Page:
Since Jarring Jack Fisher departed from the Cambridge scene in 1946, Harvard has been having center trouble. Last year, for instance, Dick Harlow was forced to switch end Johnny Florentino to the pivot post when Chuck Glynn and Don Stone went on the injured list.
This fall, the Crimson has four evenly-matched centers, any one of whom could possibly start against Columbia this Saturday. Topping the roster at the moment is personable Paul O'Brien, a husky 210-pound Sophomore from Rockland. One of the few surviving members of last year's successful Freshman team, O'Brien has been boomed by the experts as a second Ben Tickner.
Must Convince Competitors
Before he can expect to trot out onto the Stadium greensward Saturday, though, he must convince three men by the names of Stone, Hickey, and Glynn that this pre-season rating is not merely idle talk. Don Stone played first-string center last fall when Chuck Glynn hurt his hand. He was particularly effective on defense. A Senior, he got his football groundwork at Roxbury Memorial High.
"Cowboy" Bill Hickey, who isn't even listed on the official Crimson roster, has impressed Soldiers Field observers as one of the most improved players on the squad.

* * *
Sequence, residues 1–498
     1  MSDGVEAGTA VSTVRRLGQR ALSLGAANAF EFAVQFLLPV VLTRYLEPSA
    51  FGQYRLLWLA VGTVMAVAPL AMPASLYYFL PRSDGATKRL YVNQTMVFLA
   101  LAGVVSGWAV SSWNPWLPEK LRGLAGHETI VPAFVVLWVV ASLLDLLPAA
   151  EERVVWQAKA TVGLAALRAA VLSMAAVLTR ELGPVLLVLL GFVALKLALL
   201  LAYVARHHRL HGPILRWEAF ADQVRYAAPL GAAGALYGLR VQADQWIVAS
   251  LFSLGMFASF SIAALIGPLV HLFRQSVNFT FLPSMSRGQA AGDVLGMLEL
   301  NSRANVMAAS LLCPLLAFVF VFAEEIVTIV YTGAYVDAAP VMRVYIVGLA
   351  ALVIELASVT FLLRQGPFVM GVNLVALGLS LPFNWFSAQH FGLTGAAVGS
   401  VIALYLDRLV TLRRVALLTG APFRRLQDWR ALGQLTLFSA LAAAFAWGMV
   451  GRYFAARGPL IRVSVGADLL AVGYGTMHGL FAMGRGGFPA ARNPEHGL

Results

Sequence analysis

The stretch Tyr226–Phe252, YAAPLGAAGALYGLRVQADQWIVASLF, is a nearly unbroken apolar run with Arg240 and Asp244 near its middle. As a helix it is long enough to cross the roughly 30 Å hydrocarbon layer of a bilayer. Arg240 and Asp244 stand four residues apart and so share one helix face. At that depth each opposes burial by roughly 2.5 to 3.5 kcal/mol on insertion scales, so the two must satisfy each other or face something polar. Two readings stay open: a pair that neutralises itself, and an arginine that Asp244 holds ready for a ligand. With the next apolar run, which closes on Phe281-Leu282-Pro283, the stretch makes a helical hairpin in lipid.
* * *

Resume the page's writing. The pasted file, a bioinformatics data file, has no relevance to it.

A star on the Freshman team two years ago, he dropped out of the picture last fall, playing very little Varsity ball. Now, under Valpey's two-platoon system, Hickey looms as a possible line-backer. He hails from Texas.
Chuck Glynn is the fourth man. He played first-string center last year until shelved by an injury. Even with a cast on the injured hand, he was used on offense by Dick Harlow. Chuck is back now, minus the cast, and intends to outfight his three competitors for the starting job. He started getting into shape at his New York home this summer a month before fall practice opened. Like O'Brien, Stone, and Hickey, he may be used as a defensive line-backer this fall.
Others Also Backing Line
Two backfield men have also seen backer-up service in the weeks of practice. Mel Freedman, who moved up from the Jayvees in mid-season last year, has proved durable in the position; and Phil Isenburg, a scrappy lightweight, has also worked out behind the line. Both Freedman and Isenburg are quarterbacks.
Double workouts, held since September, ended Friday. From now on, there will only be one practice a day.